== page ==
Then She Found Me (2007)
★★★ / ★★★★
April (Helen Hunt) is thirty-nine, recently married, planning—still—to get pregnant despite her mother and brother’s insistence (Lynn Cohen, Ben Shenkman) that she should adopt, unaware that her husband wishes to leave her. When Ben (Matthew Broderick) finally summons the courage to tell her that he can no longer be in their marriage, a special someone enter’s April’s life: her biological mother, Bernice (Bette Midler), a talk show host, who showers her daughter with attention in order to make up for lost time.
Though the picture’s molecular makeup shares some genes with soap operas, from the resurfacing of a person from the past to feeling torn between two lovers when only one is clearly right for our protagonist, “Then She Found Me,” based on the Elinor Lipman’s novel, benefits from having cast good actors who really know how to make a three-star meal from minimal trash-bound bits and pieces. The actors’ performances won me over precisely because they are mindful of when and how to shift the mood of an interaction.
We get to know several facets of April’s recent tumultuous life. Sure, she wants a baby that she is related to by blood but there is enough subtle remarks and occurrences sprinkled throughout that maybe her wanting to give birth and raise a child is a byproduct of her abandonment issues. There are a few confronting early scenes among April, her brother, and adoptive mother. Many things about their relationship are noticeable from an outsider’s perspective but not much are expressed when they should be.
Colin Firth does his usual charming British guy schtick but it works here. He plays Frank, the father of one of April’s students, with some unpredictability with regards to his emotional state. Having left by his wife and has no choice but to care for their two children, over time there is a hidden rage that has accumulated inside him. I liked the scenes when he lashes out at April. There is romance in what they share because he has learned to love and care for April so much that, during his most vulnerable, he confuses his new girlfriend for his ex-wife. That confusion he feels is interesting because Frank has to reroute the positive feelings he has for his wife to a new woman who can be good to him.
Midler gives the funniest performance because she is willing to go all the way, even if it means coming off silly. Like Firth’s character, her jolliness is only the surface. Bernice’s successes in her career came with a price and there are moments when we are given glimpses that might suggest she is happy with the choices she made when she was young. I admired that April and Bernice’s relationship does not turn into an excessively sentimental mother-daughter bonding. Instead, April continues to keep a close watch on Bernice even everything appears to be good. I liked that the screenplay by Alice Arlen, Victor Levin, and Helen Hunt is constantly attuned to April’s fear of being left behind.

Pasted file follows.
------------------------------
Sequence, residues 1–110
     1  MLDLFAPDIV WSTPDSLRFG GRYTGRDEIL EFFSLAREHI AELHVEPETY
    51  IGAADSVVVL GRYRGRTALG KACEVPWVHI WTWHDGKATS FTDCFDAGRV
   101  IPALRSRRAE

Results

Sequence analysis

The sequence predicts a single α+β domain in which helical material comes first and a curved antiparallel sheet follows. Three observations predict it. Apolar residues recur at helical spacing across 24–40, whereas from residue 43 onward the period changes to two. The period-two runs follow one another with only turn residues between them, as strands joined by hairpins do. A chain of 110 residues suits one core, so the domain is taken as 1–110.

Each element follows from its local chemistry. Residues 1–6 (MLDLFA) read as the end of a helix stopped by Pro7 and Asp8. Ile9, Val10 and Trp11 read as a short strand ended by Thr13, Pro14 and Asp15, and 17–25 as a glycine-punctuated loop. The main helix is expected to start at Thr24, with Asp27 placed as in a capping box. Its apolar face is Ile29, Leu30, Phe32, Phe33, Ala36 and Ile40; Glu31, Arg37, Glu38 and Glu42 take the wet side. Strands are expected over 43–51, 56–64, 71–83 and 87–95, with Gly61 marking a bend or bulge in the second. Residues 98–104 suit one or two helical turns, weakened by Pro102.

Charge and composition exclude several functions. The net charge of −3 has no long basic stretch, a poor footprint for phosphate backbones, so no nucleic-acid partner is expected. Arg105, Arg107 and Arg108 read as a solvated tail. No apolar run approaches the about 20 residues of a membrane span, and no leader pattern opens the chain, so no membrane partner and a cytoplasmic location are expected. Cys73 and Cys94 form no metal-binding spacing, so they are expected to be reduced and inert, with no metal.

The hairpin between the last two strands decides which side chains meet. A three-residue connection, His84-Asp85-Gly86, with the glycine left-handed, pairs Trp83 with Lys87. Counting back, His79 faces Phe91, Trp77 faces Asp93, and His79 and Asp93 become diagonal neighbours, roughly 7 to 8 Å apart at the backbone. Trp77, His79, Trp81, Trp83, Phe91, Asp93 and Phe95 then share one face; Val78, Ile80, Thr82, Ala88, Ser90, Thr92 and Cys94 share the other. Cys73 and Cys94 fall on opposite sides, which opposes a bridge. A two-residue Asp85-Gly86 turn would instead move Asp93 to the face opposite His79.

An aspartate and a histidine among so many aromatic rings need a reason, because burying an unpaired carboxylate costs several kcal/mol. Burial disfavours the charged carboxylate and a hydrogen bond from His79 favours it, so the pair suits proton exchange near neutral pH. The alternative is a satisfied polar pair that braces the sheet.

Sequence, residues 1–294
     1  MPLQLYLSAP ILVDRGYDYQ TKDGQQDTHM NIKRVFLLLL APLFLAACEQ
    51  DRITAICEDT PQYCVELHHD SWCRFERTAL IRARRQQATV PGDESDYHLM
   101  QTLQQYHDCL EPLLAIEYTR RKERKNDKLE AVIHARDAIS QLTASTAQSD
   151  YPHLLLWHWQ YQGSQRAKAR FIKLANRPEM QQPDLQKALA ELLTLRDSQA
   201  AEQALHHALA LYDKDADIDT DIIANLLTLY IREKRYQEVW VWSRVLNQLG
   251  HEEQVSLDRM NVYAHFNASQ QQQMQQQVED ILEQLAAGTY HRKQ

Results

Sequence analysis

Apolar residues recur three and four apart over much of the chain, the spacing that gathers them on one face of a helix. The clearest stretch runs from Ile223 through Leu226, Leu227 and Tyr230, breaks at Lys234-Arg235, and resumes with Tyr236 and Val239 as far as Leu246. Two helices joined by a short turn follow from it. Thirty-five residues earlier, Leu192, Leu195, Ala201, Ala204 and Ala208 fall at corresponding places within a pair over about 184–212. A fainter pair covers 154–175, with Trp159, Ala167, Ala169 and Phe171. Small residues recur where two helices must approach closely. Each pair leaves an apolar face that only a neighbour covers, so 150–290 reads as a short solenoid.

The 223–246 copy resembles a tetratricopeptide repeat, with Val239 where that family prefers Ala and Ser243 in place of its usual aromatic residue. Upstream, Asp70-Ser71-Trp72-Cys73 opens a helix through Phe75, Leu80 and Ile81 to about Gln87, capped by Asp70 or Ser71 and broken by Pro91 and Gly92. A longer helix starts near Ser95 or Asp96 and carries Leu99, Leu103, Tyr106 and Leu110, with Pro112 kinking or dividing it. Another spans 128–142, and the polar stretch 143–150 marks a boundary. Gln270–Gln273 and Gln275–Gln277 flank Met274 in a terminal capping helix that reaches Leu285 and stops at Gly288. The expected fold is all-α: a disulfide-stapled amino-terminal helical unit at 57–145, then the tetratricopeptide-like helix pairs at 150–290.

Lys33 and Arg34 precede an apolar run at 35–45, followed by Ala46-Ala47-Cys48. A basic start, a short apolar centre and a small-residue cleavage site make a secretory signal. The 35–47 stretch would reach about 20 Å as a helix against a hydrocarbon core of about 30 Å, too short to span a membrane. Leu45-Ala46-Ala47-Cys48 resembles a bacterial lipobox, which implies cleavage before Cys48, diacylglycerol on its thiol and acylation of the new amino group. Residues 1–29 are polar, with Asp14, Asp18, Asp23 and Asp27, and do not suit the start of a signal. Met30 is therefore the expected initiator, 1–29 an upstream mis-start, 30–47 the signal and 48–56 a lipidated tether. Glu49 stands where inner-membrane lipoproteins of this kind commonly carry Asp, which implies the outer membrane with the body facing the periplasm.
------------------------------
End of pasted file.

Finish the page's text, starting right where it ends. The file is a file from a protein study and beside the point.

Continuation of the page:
“Then She Found Me,” directed by Helen Hunt, is at its best when the comedic and dramatic elements appear to come about naturally. We can believe that these people do exist somewhere out there and so we are willing to invest in them and wonder what they are thinking or feeling when faced with struggles that leave little room for easy solutions.
Torch Song Trilogy (1988)
★★★ / ★★★★
Arnold Beckoff (Harvey Fierstein) is a female impersonator who does not have much luck when it comes to sustaining a long-lasting love life. He admits to camera that he has slept with more men than there are names in the bible—old and new testament combined. So it comes as a surprise to him when he meets Ed (Brian Kerwin) in a gay bar, showing genuine interest in who he is and what he wants in life. Although Ed has told Arnold that he dates women at times, this becomes a big problem when Ed begins to want something else, a woman’s touch, outside of their relationship. It seems like Arnold has picked up one of those men again.
Based on the play and screenplay by Harvey Fierstein, “Torch Song Trilogy” consists of three episodes, the first taking place in 1971 and the last in 1980. It is tonally unpredictable for the most part, almost manic, comedy and tragedy strike when least expected and in most unlikely places. In some ways, it is a lot like a soap opera: often there are big reactions to relatively slow developments. A lot of the scenes might have worked better if played with silence than shouting.